The identification of mechanisms that direct adult hMSC osteogenic differentiation is of prime interest for developing therapeutic strategies to promote bone formation and repair. In this study, we establish the essential role of nanoscale in hMSC differentiation and show that specific stress through the focal-adhesion–cytoskeleton complex is sufficient to promote osteoblast differentiation. This provides a tool to promote hMSC osteogenic capacity, which could be exploited for bone tissue engineering and repair.

PET surface preparation and covalent grafting of RGD peptide

PET surfaces (commercial bi-oriented film with a thickness of 100 μm obtained from Goodfellow, France) were used for producing microtopography and nanotopography surfaces. PET was exposed to UV (254 nm) for various periods ranging from 15 to 60 hours on each side. This irradiation step creates acid carboxyl end groups and mono or dihydroxy terephthalate (Fechine et al., 2004). This weakens the PET and makes it sensitive to any physical and/or chemical treatment thereafter (Fechine et al., 2004; Wang et al., 1999). We sonicated the surface for 15 minutes. Polymer surfaces were modified according to a published method (Chollet et al., 2009). Briefly, materials were modified in order to create COOH functions on PET surfaces [with 5 g KMnO4 and 100 ml H2SO4 (1.2N) at 60°C]. Next, PET-COOH samples were immersed in a solution of 0.2 M EDC (dimethylaminopropyl-3-ethylcarbodiimide hydrochloride) and 0.1 M NHS (N-hydroxysuccinimide) in 0.1 M MES buffer [2-(N-morpholino)-ethanesulfonic acid] in MilliQ water and then rinsed in 50 ml MilliQ water for 30 minutes. The same protocol was used for each surface. Finally, immobilization of RGD (Arg-Gly-Asp) (or [3H]lysine instead of RGD peptides in the case of high resolution beta-imager) (Chollet et al., 2009) peptides was achieved in a solution of peptides in 1× PBS (C=10–3 M) for 15 hours at room temperature. After grafting, the disks were rinsed with 100 ml MilliQ water for 1 week. Surfaces were characterized using X-ray photoelectron spectroscopy (XPS) and a high-resolution beta-imager (Chollet et al., 2009). Our results showed that the density of RGD grafted onto PET remains the same, whatever the duration of UV irradiation. The spacing of RGD immobilized on the surface of PET was calculated according to a published method (Massia and Hubbell, 1991).

Characterization of mechanical properties

The elastic moduli (E) of the topcoats were determined by the nanoindentation technique (NHT, CSM Instruments) following the Oliver and Pharr method (Oliver and Pharr, 1992). Nanoindentation is an indentation technique that allows the determination of the elastic modulus of materials by measuring the force applied on the PET (RGD-functionalized PET using various UV treatment times) versus the indentation depth.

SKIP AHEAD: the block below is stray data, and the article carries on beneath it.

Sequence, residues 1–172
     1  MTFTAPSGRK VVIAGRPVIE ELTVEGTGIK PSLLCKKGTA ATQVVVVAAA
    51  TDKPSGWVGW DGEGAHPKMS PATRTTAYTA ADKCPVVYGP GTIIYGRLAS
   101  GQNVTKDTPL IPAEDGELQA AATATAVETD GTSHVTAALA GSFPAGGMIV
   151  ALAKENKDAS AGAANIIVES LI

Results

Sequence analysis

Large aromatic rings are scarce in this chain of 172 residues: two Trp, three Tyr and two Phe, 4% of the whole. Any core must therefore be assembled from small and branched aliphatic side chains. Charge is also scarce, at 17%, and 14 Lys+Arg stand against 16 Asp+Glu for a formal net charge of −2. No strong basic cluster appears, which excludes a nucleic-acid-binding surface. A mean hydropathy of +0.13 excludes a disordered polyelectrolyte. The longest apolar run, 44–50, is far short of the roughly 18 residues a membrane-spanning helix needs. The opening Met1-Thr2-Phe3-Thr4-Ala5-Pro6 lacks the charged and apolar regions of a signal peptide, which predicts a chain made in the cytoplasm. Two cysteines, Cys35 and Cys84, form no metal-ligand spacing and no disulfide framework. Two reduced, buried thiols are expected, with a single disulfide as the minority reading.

Cell culture

Primary human MSCs were obtained according to methods described previously (Li et al., 2010). Briefly, we aspirated bone marrow from the femoral diaphysis or iliac bone after obtaining consent from patients (aged 20–70 years) undergoing hip prosthesis surgery after trauma. The human bone marrow was sequentially filtered with syringes fitted with 16-, 18- and 21-gauge needles, and cells were cultured in Minimum Essential Medium (Alpha-MEM, GIBCO) supplemented with 10% (v/v) FBS and 1% penicillin-streptomycin, and incubated in a humidified atmosphere containing 5% (v/v) CO2 at 37°C. All cell culture experiments were carried out without serum for the first 12 hours of culture. The permission to use bone marrow was granted by the Pellegrin Hospital committee and AD INSERM for research involving human subjects of the University of Bordeaux 2; this consent was obtained under the supervision of Joëlle Amédée (INSERM U1026, France). All cells were used at low passage numbers (passage 2), were subconfluently cultured, and were seeded at 104 cells/cm2 for experiments. In this study, we conducted all experiments in parallel with hMSCs from Lonza (Switzerland; Cat. no. PT-2501). For a positive control, we used osteogenesis-inducing medium containing dexamethasone (10–8 M), acid ascorbic (50 mg/ml) and β-glycerophosphate (8 mM). The following pharmacological agents were used: 1 μM cytochalasin D (Sigma) and 50 nM jasplakinolide (Invitrogen). hMSCs were exposed to each pharmacological agent for 1 hour after seeding every 24 hours for 3 days.

Optical 3D profiling system (OPS)

Wyko surface profiler systems (Veeco-NT1100) are non-contact optical profilers that use two technologies to measure a wide range of surface heights. The phase-shifting interferometry (PSI) mode allows measuring smooth surfaces and small steps, whereas the vertical scanning interferometry (VSI) mode allows measurement of rough surfaces and steps up to several micrometers high. The PSI mode was used to determine the nano-topography of surfaces. We used the VSI mode to measure the thickness of cells on the substrata. To achieve this, we fixed cells with 4% paraformaldehyde in PBS for 30 minutes at 4°C and then we dehydrated the cells with ethanol and metallized samples with gold. Wyko Vision V3.60 software was used for 3D reconstruction of OPS images.

Scanning electron microscopy (SEM)

Initially cells were seeded on the substrates at a density of 1×104 cells/ml. After 2 hours and 16 hours of culture, cells were washed with 1× PBS and fixed with paraformaldehyde in PBS (4%) for 20 minutes at 4°C. Samples were dehydrated in increasing concentrations of ethanol (30, 70, 80, 90, 95 and 100%) and critical point dried. Replicas were gold-coated and observed with a scanning electron microscope (Hitachi S2500) at 10 kV.